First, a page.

April 2021

Sun Mon Tue Wed Thu Fri Sat
        1 2 3
4 5 6 7 8 9 10
11 12 13 14 15 16 17
18 19 20 21 22 23 24
25 26 27 28 29 30  

« Preservation in other places | Main | Our friends the Saudis »

Jul 15, 2007


Feed You can follow this conversation by subscribing to the comment feed for this post.


if you want to read something truly hair raising- read Robert McNamara's "The vietnam war: a retrospect" (the title might be slightly different than that).


Interesting editorial about a book worth revisiting. In the 2002 movie version, Pyle is not so innocent, which accords more with the evidence from the Pentagon Papers (e.g. the US gov never believed in the domino theory - it was about corporate hegemony; the US had saboteurs in Vietnam before Dien Bien Phu, etc.).
Another one for the prescience file: Malcolm X said in his famous 1964 speech "The Ballot or the Bullet" that "The white man can never win another war on the ground."

Steve Flynn

Powerful and meaningful column. Well done. I rarely mull over columns: but this one I certainly did.

andy gould

excellent column. excellent analogy.


"'The Quiet American' is a work of fiction that speaks truth. It should be required reading in the White House and on Capitol Hill. Too bad that hasn't been the case for the last five decades."

Not quite, Ed

There's a good chance that Greene and this work had a hidden purpose beyond the lefty agenda and anti-American sentiment that they appeared to profess.

Excerpts regarding the politics involved:

"In his review of the book in the May 1956 issue of Commentary, Philip Rahv seconded Arnold's perception that the book is essentially detective fiction, and Noyce's movie makes this even clearer, with a closeup of the telltale dogpaw print in cement, etc. Consequently, Rahv didn't think it was worthwhile to get worked up about the political posturing in the book.

Diana Trilling responded to Rahv's review in the July 1956 issue by calling the book an example of the kind of neutralism in world affairs that often masked pro-Communism. Rahv answered that it was only a book, and that the opinions of Fowler, the first-person narrator, couldn't be directly attributed to Greene.

But if, like Rahv, you think the book is second-rate as a literary matter, then how are you to understand the political payload, which is delivered all the more cleanly?"

....but there's also this:

"Shelden's description of Greene's presence in Prague during the revolution of 1948, which Greene dishonestly claimed came about by chance, makes Greene sound less like Fowler and more like Pyle using his health relief mission for a cover: 'He could pretend to be a harmless author, not a spy, and could easily be forgiven for wandering the streets in search of local colour or of some curious literary connection which only he could appreciate. And there were publishers who wanted to see him, writers who wanted to discuss their works with him, admiring Catholics who wanted him to sign books. With so many reasonable excuses available, he could go almost anywhere and talk his way out of a tight spot.'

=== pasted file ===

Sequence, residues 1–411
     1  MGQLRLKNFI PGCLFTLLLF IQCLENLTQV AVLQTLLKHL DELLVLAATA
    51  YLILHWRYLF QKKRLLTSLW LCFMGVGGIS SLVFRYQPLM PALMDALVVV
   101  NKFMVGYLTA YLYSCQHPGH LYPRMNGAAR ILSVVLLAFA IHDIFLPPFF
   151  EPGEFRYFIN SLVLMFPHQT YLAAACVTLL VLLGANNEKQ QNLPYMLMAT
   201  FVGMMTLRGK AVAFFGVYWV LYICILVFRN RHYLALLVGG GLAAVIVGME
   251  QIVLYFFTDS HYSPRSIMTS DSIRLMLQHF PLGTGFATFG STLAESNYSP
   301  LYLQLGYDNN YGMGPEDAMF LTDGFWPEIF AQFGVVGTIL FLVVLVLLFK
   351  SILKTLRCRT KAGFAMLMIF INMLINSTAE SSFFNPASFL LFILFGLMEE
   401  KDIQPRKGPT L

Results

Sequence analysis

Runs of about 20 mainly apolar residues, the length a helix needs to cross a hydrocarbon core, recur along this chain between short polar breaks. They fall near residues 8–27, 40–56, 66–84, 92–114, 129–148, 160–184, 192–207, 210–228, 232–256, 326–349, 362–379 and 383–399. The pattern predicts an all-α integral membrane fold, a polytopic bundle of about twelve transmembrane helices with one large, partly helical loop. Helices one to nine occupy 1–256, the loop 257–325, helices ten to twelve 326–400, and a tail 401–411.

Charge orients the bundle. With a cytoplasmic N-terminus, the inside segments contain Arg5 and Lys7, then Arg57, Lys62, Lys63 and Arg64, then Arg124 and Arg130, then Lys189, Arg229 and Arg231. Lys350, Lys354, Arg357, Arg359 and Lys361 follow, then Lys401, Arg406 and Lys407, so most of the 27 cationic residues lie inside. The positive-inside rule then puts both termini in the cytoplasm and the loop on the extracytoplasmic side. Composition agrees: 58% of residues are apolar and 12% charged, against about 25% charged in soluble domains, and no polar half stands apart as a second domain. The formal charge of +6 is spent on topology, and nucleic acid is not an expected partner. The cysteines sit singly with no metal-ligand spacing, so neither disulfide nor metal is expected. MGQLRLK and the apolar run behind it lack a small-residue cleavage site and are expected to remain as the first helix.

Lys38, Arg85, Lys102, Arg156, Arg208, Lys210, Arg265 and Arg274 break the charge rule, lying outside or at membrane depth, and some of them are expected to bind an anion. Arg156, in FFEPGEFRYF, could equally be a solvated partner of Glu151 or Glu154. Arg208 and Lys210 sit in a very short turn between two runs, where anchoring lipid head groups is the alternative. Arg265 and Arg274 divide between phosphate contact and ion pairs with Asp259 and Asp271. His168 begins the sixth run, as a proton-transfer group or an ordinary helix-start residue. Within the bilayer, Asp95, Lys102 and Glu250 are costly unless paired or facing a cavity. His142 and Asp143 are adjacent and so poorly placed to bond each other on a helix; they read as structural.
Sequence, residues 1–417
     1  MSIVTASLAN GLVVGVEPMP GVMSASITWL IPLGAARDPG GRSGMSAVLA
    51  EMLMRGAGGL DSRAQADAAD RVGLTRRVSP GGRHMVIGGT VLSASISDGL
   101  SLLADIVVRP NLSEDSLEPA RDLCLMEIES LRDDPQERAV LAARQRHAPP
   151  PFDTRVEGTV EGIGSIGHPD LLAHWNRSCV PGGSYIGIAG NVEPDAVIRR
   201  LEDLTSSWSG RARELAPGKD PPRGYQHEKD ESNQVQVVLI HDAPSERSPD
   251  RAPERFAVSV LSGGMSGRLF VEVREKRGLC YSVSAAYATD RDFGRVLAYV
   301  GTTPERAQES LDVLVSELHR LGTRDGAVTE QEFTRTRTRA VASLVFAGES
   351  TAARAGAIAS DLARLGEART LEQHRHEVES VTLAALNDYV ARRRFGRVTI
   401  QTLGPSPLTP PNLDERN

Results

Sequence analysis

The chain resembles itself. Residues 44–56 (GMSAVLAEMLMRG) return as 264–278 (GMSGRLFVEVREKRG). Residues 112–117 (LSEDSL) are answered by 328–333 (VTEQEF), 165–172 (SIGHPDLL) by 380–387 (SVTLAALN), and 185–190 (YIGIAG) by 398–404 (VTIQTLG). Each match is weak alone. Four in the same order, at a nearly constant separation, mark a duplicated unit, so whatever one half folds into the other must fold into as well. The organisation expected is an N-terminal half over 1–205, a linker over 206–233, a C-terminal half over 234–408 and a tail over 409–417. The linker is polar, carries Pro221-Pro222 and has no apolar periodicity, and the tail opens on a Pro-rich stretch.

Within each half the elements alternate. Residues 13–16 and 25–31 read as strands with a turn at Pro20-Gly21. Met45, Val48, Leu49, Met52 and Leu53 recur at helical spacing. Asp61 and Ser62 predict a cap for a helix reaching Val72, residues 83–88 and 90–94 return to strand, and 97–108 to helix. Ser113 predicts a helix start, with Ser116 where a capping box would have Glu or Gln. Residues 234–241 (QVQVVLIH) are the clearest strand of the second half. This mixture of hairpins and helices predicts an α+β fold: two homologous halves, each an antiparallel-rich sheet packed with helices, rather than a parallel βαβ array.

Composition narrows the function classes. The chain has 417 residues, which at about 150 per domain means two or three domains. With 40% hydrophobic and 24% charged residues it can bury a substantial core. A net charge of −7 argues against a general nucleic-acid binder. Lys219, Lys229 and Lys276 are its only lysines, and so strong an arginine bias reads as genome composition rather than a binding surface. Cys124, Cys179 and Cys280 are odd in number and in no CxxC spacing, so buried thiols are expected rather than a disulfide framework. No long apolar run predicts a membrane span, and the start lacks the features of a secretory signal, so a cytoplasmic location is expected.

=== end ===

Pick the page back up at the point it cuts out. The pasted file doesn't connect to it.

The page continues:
Greene doesn't come off as much more successful than Pyle, either, and far less idealistic, though he managed not to get himself killed over a girl. The overall assessment of his spying work is that he was 'amateurish but useful,' a 'dilettante,' and certainly interested in having his expenses paid after being flown all over the world.

As another SIS officer stated: 'Despite the money he makes out of making the great British public worry about its soul, he is extremely mercenary.'"

Given this information, the value you ascribe to "The Quiet American" is questionable, at best.

Danny Wright

Bubba, you cite an article from December, 2003 as your main rebuttal to Ed's point that the Vietnamese setting of "The Quiet American" has great similarity to the circumstances surrounding our entry into / presence in Iraq. Perhaps you could come up with a more relevant, recent article (one that takes into account, say, the past 3-4 years) that refutes this instead of simply finding a review that critiques Greene's biases.

The grand logic behind both US efforts is pretty much the same -- try to change another part of the world to serve our own interests without having much of a clue as to how local circumstances will affect the effort and outcome.

That is what Ed was speaking to, I believe.


"That is what Ed was speaking to, I believe."

In that case, it would have been better said if he had used something other than "The Quiet American" as an example, based on the information provided above.

Any way you would care to analyze it, Greene's work is propaganda.

Ed Cone

Messenger-shooting is one of Bubba's hobbies. Arguing with him is a waste of pixels.

The messenger in this case was a major literary figure who published an eerily accurate and prescient view of the situation in Vietnam, with obvious implications unto and beyond the present day.

Going after Greene does nothing to change those facts.

Fred Gregory

Today in a post, on the NY Times and a Hamas terrorist Scott Johnson evokes memories of Sydney Schanberg's 1975 column on the coming to power of the Khmer Rouge in Cambodia, "Indochina Without Americans:For Most, a better life" which was cited by Gabriel Schoenfeld in Was Kessinger Right ?

Certainly worth discussing along Green's book.

And of course there is the prescient Larry Johnson , ex-CIA expert who wrote a piece in the NY Times July 10, 2001 " The Declining Terorist Threat" , who like Schanberg got it wrong.


"Going after Greene does nothing to change those facts."

In other words, you have nothing that validates your poor choice of an example to make your partisan point.

Good work, Ed.

We've come to expect that sort of thing from you.


The Quiet American analogy: Vietnam= step into French colonialism quagmire, Iraq = step into British colonilism quaqmire.

The comments to this entry are closed.